Book Review: Pretty Little Liars by Sara Shepard

Pretty Little Liars by Sara Shepard

Posted February 10, 2021 by Amber in Reviews / 2 Comments

Pretty Little Liars

Pretty Little Liars

by Sara Shepard

Series: Pretty Little Liars #1
Publisher: HarperTeen on October 1, 2006
Genre: Contemporary, Crime, Mystery, Thriller
Target Age Group: Young Adult
Representation: BIPOC Character(s), Black Character(s), Lesbian Character(s), LGBTQIAP+ Character(s)
Content Warnings: Adult/Minor Relationship, Body Shaming, Bullying, Child Death, Death, Drug Use, Eating Disorder, Emotional Abuse, Fatphobia, Homophobia, Infidelity, Pedophilia, Racism, Sexual Content, Stalking, Suicidal Thoughts

Rating: ★★

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Spencer covets her sister's boyfriend. Aria's fantasizing about her English teacher. Emily's crushing on the new girl at school. Hanna uses some ugly tricks to stay beautiful. But they've all kept an even bigger secret since their friend Alison vanished.

How do I know? Because I know everything about the bad girls they were, the naughty girls they are, and the dirty secrets they've kept. And guess what? I'm telling.


Oh wow.  Okay.  Where to start with THIS book.

I guess I’ll start by extending Shepard the benefit of the doubt.  think she was trying to write the most sensational, over-the-top, unrealistic and ridiculous teenagers ever.  I think.  I think this was on purpose and not bad writing.  Right?

The next thing I’ll do it give Emily some props.  Of all the characters in this nightmare of a novel, I think that Emily was the most… human?  Her character is the only one here who I think could have had an actual, interesting, “doesn’t make me groan aloud and roll my eyes a lot” story.  I more or less enjoyed the pieces from Emily’s POV, but she was not enough to save this book as a whole.

That aside.  Wow.  Pretty Little Liars is an absolute train wreck.

Lets make a list of some NOPEs, shall we?

  1. Elitism
  2. Fatphobia
  3. Bullying
  4. Adult/minor relationships
  5. Infidelity
  6. Homophobia
  7. Just… really terrible parents?  And friends.  And boyfriends.  And characters in general.

I am almost 100% sure I missed something there, but those are some of the things that made me want to hurl the book across the room… only this was an audiobook and my phone is expensive.  Pretty Little Liars came out when I was in high school, near the age of these girls, and I’m so grateful I didn’t pick it up at the time because I was impressionable and already really really conscious about my weight, and the Hannah storyline was hugely problematic and probably would have been impressionable on 16 y/o me.  So many of the characters in this novel make the most dramatic, unkind, unhealthy decisions possible.  It was more disturbing than “thrilling”, I guess, with particular emphasis toward Aria/Ezra being a big fat NOPE, Emily’s boyfriend’s behavior bringing me SO MUCH rage, and of course, Hannah’s storyline.

Okay that’s the characters.  Lets talk about some other things.

The pacing on this book was slow.  It feels like it should be quick, but between the four POVs, I honestly felt like nothing was happening.  We went through each of the POVs once and each of the girls did A Thing.  Then went went through them again, and the girls did more or less the same thing again.  Then through again, seeing the discovery.  Again, reacting.  End of book.  Nothing happened, and it took forever to get there.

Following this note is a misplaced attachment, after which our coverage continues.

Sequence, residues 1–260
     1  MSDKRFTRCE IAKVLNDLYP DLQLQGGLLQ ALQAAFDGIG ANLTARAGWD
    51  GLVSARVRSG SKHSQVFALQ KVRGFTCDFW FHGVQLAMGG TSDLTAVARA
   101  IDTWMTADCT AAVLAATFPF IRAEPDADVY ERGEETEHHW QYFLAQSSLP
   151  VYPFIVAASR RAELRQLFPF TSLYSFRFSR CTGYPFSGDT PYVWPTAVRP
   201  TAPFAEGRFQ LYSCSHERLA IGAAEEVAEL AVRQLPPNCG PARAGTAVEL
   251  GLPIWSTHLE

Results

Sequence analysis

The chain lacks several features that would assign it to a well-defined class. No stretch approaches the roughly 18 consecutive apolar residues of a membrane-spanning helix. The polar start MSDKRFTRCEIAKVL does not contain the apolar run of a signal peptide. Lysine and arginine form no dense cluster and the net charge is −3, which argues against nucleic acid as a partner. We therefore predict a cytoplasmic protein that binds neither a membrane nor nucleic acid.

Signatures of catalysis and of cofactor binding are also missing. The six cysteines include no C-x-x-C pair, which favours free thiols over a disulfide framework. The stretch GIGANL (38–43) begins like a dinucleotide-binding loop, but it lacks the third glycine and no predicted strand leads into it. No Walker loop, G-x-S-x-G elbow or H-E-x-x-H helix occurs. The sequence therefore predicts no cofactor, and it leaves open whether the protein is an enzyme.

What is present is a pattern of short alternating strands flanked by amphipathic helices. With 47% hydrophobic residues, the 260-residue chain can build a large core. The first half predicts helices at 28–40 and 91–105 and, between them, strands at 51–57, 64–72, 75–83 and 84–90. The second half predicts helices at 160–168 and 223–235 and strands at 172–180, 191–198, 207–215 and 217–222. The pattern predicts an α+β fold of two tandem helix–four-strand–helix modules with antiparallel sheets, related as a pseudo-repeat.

I have issues with the realism of everything, but again, that falls into the arena of giving Shepard the benefit of the doubt on her choices here.

The writing as well was just… sort of icky.  There’s this scene early in the book where Spencer decides to strip down to her sports bra, underwear, and knee-high field hockey socks and go into the hot tub.  And for some reason that scene bothered me an extra lot.  Like it had it’s own problematic bits, but I honestly just couldn’t get past the fact Spencer went into the hot tub with knee-high socks.  Why?  Socks are the best thing to take off at the end of the day, especially after practice.  I’m pretty sure Shepard did it just to allow Spencer to be mortified at her lack of glamour when A BOY OMG OMG OMG OMG sees her.  For whatever reason, it was this scene that stuck with me as an example of the overall drama and ridiculousness that was this book.

There was a point as I was listening to it when I realised, Oh no.  I’m going to have to read a bunch to find out who A is.  Because the underlying story was intriguing.  It was just everything else about the book that I disliked.  Then I remembered – the series was over and I could Google the answer.  Thanks Internet, you beautiful spoiler machine!  Now I know the end of this series and don’t have to read any more… and wow was it anti-climatic.  I would have been annoyed to read sixteen books and have it end there.  Goodbye and good riddance, Pretty Little Liars!

Ratings Breakdown

Setting: ★★★
Plot: ★★
Writing: ★★ 1/2
Pacing: ★★ 1/2
Narrator: ★★★
Personal Enjoyment: 1/2

2 Star rating


How many books in a series do you think is too many?  For myself, I think ten is excessive, and it has to be a pretty special story to be allotted ten books.  Sixteen is definitely too many!  What about you?  Where do you say “enough’s enough!”?  Tell me about it in the comments!

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2 responses to “Pretty Little Liars by Sara Shepard

    • Amber

      I’m glad you enjoy it, Raphael! You are certainly among the majority – the book and television series both were very popular.